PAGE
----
By Leah Smiley
I would like to present a different way of thinking about diversity and inclusion. My assertion is that many of us have it all wrong in our understanding of, and approach to, the changing nature of diversity and inclusion (D&I). Last week’s Twitter-Gate scandal involving Justine Sacco, former IAC public relations executive, is a perfect illustration of why this issue of diversity and inclusion can be an illusion.
Here’s a woman who unknowingly set off a global Social Media firestorm on her way to vacation. I use the term “unknowingly” because she has made several inappropriate comments in the past, but had no idea that tweeting, “Going to Africa. Hope I don’t get AIDS. Just kidding. I’m white!” would receive such widespread ridicule and condemnation. You may be wondering, “What’s the big deal?” People make absurd comments every day.
I think the big deal boils down to three points: (1) When you correctly define the words diversity, inclusion and cultural competence, Ms. Sacco understands diversity. After all, she is a global traveler and was vacationing in South Africa. More importantly, she clearly grasps the concept of White privilege. This is why D&I is very different today. In the 1960’s, White women were predominantly sympathetic to diverse individuals because they were disenfranchised too. Fast forward fifty years. Because White women were the primary beneficiaries of Affirmative Action, they are not in the same boat as other diverse groups. Consider demographic data in education, procurement, and the workplace. Or look at the fact that in 2013 there were 22 female CEO’s of Fortune 500 companies, as opposed to 6 black, 8 Latino and 8 Asian Fortune 500 CEO’s. Furthermore, new U.S. census data shows that White women earn $0.77 cents for every dollar White males earn, compared to Black women who earn $0.66 with similar education and experience.
Don’t get me wrong, all of us still have a lot of progress to make and there’s nothing wrong with privilege– if you use it right. But we are seeing that many of those who are aware of their privileges haven’t been using it for the greater good. This brings me to my second point: (2) Racism, bias, and discrimination are no longer about “hate”. It boils down to competition. That is why we keep arguing about “who’s better”, “who’s smarter”, and “who’s more valuable”. We are all competing for limited resources: fewer higher income jobs, fewer affordable housing options, fewer spots at top-tier educational institutions, fewer small business contracts, etc.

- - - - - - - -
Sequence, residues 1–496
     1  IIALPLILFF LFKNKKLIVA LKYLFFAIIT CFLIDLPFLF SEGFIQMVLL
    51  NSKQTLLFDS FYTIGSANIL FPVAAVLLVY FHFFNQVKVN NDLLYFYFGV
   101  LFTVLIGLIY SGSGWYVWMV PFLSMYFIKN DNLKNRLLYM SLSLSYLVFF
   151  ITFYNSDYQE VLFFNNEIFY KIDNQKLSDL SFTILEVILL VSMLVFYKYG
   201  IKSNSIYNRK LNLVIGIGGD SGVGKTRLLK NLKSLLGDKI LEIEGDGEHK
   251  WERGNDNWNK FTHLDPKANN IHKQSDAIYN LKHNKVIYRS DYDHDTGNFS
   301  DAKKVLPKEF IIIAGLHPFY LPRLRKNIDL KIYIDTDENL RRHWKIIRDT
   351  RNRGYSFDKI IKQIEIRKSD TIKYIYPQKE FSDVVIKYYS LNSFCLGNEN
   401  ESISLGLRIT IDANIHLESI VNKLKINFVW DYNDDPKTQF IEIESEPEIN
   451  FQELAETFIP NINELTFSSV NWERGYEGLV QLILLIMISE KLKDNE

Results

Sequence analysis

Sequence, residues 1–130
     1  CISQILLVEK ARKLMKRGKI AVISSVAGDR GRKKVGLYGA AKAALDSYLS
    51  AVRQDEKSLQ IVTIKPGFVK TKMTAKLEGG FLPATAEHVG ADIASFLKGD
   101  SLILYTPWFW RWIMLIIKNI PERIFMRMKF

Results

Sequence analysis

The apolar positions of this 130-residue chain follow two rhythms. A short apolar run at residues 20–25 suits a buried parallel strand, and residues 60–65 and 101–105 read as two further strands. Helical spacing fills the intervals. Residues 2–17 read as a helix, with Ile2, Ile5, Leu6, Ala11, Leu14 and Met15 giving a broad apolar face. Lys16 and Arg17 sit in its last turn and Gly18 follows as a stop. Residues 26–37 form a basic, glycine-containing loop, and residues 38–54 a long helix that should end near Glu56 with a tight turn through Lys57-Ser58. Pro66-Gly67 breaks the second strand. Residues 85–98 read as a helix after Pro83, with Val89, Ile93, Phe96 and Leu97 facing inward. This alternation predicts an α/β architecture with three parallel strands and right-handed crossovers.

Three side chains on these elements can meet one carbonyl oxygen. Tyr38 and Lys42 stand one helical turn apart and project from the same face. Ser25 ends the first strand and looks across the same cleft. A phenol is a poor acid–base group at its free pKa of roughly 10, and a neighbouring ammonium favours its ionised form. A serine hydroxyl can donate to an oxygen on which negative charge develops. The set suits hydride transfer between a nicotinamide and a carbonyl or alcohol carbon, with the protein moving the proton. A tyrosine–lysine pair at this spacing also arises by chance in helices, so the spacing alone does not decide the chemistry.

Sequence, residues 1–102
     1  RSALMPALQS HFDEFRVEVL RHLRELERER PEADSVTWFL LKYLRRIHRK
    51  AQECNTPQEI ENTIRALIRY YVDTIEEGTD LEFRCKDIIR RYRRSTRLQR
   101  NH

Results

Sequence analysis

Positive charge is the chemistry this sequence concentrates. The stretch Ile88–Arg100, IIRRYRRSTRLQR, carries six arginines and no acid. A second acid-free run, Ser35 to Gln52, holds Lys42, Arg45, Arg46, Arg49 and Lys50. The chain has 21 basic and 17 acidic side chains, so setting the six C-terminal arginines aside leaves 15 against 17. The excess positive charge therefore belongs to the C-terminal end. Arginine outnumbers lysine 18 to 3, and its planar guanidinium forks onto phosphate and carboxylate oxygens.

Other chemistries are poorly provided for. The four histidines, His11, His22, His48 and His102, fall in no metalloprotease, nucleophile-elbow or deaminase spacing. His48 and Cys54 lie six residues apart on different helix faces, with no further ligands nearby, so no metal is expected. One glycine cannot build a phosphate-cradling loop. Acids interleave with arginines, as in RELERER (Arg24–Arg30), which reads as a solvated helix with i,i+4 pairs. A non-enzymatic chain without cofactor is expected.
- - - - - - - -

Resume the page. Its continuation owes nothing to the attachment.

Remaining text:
So this means that today, competition is a key driver in discriminatory and biased behavior. I assert however, that our understanding of competition is flawed. First, too many organizations are rewarding internal competitors. Then they can’t figure out why no one is working together. Second, people waste a ton of negative energy sizing up the ‘weaknesses’ of their opponents. Thus, instead of developing or helping one another, people in the workplace and in classrooms are merely looking for mistakes that can eliminate the competition.
How can we adjust our organizational focal point in 2014? Great question! My line of reasoning emphasizes: (3) This awkward situation is an incredible teaching moment. For Ms. Sacco, I hope she learns to tone it down a bit. If your organization chooses to employ this incredibly talented female, she’s not a racist. She’s more of a shock jock who can thrive with the right amount of accountability. For IAC, they learned that they should have responded to Ms. Sacco’s antics a little sooner. She was so cute and funny however, they let it go…wrong. Senior level executives must be as responsible with diversity and inclusion as lower level employees.
For D&I practitioners, the lesson is that a diverse person can fool you. Yes, she was a woman, and fairly young, and had a wealth of global experience, but the reality is that her behavior was consistently inappropriate and at times, mean-spirited. Is it indicative of the entire management team? Is it symptomatic of the organizational climate? Or is it symbolic of a generational culture? I don’t have the answers to that. Going back to point #1, you can’t look at someone who gets ‘diversity’ and ascertain whether they are culturally competent or inclusive. Hence, our need to include and engage White guys, as well as individuals from other countries.
Diversity and inclusion naturally entails leveraging your competitive advantages—but let’s be clear about WHO the competitor is and the fact that “your” applies to the organization and not people. This is why we say that diversity and inclusion primarily benefits an organization—not just individuals.
After the Sacco debacle, global advocates for AIDS relief in Africa got it right. They pounced on an opportunity to provide more education and garner more financial support. Likewise, how can you take proactive action during this teaching moment? Or will you wait until someone else gets it wrong?
Leah Smiley is the Founder and President of the Society for Diversity. For more information about the Society for Diversity, log onto http://www.societyfordiversity.org.